Russian House

307 E. 5th St.
Austin, TX 78701
(512) 428-5442
Sun-Sat: 11am-2am
Lunch: 11am-3pm
Dinner: 4pm-2am
Happy Hour: 4:30pm-7pm
Sat-Sun Brunch: 9am-2pm


Russian House - Varda

Russian House – Varda

One of the more consistent knocks against Austin dining has been its lack of ethnic diversity in the culinary scene. And no, Tex-Mex does not count on this front. But we’re here today at The Russian House at East 5th and Trinity. Owners Vladamir and his wife Varda are the real deal. Both are Russian transports, and they’ve brought to Austin a much-needed infusion of Russian life and cuisine. Many Americans know little about Russian culture except perhaps for what they’ve seen in James Bond movies. It’s time we all took a second look.

The Russian House is a fun, tasty, and occasionally raucous dining and drinking establishment where dozens of vodkas flow along with authentic offerings from the kitchen. My own experience with Russian food has been limited to several trips to the Russian Tea Room in New York and private dinners with friends. But after several visits, I must say that I’m pretty pleased with what I’ve tasted here at the Russian House.

The Classical Julienne is a great appetizer initiated of course with a shot of vodka. The wild mushrooms baked in a sour cream sauce are very tasty and the flavors linger on the back of your palate. The Russian Blini (or crêpes to we Texans) is a light and ancient Russian dish. I tried the salmon blini, and it was stellar. Beautiful texture (almost gossamer thin crepes) and subtle, lovely flavors. Another appetizer that digs deep into the culinary history of the Ukraine is the Salo, which is essentially cured and salted lard with caraway seeds and garlic. Doesn’t sound like your cup of tea? I was equally cautious until I tasted it. Kind of like a Chicharrón without the deep-frying. And always served cold. The famous Pirozhki was good but not great as the buns were a bit on the stale side, thus detracting from the ingredients within.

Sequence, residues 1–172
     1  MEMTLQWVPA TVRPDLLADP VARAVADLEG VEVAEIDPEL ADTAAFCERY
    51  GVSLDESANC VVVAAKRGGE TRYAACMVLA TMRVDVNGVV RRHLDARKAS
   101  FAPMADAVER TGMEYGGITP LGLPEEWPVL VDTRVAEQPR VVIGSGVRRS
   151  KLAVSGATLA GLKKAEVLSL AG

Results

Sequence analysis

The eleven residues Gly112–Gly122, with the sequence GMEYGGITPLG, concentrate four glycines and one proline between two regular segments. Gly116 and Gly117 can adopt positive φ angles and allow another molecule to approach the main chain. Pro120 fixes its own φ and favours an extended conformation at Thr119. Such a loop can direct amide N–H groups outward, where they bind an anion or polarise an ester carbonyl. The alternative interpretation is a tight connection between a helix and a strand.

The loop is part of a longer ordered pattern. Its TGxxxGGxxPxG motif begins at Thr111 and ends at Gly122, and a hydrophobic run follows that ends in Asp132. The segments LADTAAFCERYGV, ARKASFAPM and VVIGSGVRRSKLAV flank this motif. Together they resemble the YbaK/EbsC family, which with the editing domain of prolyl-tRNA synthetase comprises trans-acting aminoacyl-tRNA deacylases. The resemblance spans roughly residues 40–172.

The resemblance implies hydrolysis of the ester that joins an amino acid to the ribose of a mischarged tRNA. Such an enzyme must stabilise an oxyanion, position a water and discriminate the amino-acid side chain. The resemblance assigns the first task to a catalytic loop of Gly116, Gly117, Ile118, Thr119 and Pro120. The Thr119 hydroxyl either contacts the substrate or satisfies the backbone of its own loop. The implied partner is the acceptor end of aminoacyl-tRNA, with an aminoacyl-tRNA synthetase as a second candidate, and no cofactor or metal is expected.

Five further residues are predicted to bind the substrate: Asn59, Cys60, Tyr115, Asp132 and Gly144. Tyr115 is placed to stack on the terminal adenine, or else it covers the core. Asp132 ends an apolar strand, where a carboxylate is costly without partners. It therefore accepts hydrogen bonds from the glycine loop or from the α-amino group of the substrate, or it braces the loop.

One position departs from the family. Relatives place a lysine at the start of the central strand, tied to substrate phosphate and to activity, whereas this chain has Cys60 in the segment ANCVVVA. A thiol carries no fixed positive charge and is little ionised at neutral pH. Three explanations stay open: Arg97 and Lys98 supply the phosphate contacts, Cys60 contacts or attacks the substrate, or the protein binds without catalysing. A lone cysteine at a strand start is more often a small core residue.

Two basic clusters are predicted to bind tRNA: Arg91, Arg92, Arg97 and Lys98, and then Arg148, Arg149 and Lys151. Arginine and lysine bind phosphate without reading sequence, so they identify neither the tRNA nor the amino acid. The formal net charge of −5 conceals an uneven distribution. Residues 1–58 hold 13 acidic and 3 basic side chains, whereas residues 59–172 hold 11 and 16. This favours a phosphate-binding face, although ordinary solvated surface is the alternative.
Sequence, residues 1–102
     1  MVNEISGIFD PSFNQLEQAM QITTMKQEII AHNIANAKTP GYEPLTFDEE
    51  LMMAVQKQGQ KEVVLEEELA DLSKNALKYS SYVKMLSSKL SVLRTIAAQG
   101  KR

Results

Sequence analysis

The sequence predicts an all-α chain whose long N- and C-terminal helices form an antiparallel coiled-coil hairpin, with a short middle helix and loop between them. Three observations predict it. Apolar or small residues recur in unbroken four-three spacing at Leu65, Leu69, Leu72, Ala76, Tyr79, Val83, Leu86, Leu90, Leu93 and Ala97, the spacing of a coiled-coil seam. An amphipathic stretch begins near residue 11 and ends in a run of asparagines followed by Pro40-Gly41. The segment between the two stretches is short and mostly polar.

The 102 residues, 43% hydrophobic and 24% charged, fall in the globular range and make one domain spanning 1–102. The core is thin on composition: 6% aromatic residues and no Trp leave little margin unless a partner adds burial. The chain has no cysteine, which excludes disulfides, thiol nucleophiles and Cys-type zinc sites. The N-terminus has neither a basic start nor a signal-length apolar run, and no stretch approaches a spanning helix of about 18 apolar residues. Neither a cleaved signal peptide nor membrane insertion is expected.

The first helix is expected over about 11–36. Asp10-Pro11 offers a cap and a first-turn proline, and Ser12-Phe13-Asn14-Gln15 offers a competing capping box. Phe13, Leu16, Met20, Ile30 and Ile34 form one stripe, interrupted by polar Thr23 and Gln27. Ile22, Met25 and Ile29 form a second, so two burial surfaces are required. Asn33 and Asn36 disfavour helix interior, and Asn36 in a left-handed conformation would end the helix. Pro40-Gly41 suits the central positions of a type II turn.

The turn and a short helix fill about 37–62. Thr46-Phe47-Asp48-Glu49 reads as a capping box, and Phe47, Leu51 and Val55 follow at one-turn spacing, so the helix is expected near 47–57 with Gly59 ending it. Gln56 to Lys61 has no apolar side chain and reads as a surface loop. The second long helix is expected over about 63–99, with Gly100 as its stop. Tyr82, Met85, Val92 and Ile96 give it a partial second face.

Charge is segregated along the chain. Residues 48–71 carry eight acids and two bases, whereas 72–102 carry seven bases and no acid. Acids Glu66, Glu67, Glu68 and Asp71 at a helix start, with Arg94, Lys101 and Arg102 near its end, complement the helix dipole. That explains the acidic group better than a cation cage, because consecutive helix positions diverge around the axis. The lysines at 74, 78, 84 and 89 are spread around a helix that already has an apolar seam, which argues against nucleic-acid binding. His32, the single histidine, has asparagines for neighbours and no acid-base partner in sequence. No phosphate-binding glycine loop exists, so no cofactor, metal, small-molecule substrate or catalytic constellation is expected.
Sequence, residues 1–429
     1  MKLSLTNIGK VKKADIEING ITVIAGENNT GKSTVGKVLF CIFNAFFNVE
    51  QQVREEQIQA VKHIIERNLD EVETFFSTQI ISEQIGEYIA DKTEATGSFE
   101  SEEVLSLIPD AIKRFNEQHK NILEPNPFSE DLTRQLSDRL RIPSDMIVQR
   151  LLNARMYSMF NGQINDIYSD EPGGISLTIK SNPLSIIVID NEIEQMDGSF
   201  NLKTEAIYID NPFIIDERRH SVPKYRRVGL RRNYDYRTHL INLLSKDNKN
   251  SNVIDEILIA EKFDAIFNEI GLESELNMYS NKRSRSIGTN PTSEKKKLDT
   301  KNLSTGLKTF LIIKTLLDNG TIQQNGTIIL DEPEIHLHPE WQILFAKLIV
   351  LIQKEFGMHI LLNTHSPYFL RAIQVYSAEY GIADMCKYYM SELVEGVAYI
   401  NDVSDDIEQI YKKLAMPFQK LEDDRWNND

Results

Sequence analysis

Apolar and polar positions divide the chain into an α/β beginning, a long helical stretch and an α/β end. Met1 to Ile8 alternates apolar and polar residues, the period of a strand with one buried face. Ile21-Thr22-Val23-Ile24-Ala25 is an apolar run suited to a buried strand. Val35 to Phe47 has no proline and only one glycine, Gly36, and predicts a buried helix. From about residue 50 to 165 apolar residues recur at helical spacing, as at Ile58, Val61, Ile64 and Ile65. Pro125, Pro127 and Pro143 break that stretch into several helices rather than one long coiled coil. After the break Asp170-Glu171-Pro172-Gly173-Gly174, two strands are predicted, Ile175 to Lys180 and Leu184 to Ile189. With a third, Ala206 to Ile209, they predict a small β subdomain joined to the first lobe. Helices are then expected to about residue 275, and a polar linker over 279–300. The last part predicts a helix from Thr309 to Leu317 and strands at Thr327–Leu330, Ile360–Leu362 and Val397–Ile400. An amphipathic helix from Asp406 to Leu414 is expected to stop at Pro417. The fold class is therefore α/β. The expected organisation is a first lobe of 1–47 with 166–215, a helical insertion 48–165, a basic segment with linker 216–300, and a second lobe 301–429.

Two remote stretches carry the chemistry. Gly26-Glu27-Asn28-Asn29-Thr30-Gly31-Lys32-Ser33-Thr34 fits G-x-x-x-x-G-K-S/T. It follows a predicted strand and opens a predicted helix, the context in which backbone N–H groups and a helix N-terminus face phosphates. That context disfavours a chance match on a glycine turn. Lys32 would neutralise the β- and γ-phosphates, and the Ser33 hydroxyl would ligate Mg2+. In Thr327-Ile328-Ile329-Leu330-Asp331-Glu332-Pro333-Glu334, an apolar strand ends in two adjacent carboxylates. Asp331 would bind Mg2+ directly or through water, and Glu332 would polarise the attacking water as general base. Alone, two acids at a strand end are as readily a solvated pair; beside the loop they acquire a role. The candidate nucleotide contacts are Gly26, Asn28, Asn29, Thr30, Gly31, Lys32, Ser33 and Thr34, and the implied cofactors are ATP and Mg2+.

The entrees at the Russian House run the gamut from festive and hearty soups to savory meat and cabbage dishes along with, of course, fish. The famous Borsch, a Ukranian soup with the beet at its core is exceptionally flavorful and finished with a dollop of sour cream. Then we tried the Golubsty, a hearty cabbage dish stuffed with beef, pork and rice. Reminds me of a stuffed cabbage dish my Hungarian grandmother used to make.

I went nuts over the Lamb Shank in sweet and sour sauce. The lamb was fall-off-the-bone tender and the sauce was exquisite. The sweet and sour description does not really do it justice. The housemade Pelmini is a simple dumpling dish made with minced meat and a herb butter sauce. Russian Ravioli? Probably the closest analogy I can draw but the taste was excellent.

There’s another thing that Americans will have to get used at the Russian House. Most of us who have had Beef Stroganoff, for example, are used to having it served over noodles with a sour cream sauce. The Russian house serves it as they do in Russia: with truffle cream, and mashed potatoes or buckwheat instead of noodles. Is it not good? No, just different. Took me a while to get used to it. But now I’m a fan. Another dish that may take some getting used is the Ukah. This was said to the the Tzar’s favorite meal. It’s made of rooster, small fishes, crawfish, sturgeon, and perch. Served like a soup/stew, this one too will grow on you.

Some say that the word vodka comes from the Russian word for water. Whatever, they sure have plenty at the Russian House. In fact, the Russian House has a vodka club which I would highly recommend you join. I also highly recommend a visit to this cool restaurant for lunch, dinner or Sunday brunch.


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